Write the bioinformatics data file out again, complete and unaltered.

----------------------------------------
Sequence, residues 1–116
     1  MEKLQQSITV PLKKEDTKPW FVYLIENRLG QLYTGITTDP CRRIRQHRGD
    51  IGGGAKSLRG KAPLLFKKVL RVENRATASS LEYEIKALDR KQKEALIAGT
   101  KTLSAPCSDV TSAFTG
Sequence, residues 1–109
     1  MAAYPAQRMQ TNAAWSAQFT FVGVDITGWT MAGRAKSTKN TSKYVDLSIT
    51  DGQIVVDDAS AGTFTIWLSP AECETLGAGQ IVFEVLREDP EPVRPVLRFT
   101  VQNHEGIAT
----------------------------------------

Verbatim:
Sequence, residues 1–116
     1  MEKLQQSITV PLKKEDTKPW FVYLIENRLG QLYTGITTDP CRRIRQHRGD
    51  IGGGAKSLRG KAPLLFKKVL RVENRATASS LEYEIKALDR KQKEALIAGT
   101  KTLSAPCSDV TSAFTG
Sequence, residues 1–109
     1  MAAYPAQRMQ TNAAWSAQFT FVGVDITGWT MAGRAKSTKN TSKYVDLSIT
    51  DGQIVVDDAS AGTFTIWLSP AECETLGAGQ IVFEVLREDP EPVRPVLRFT
   101  VQNHEGIAT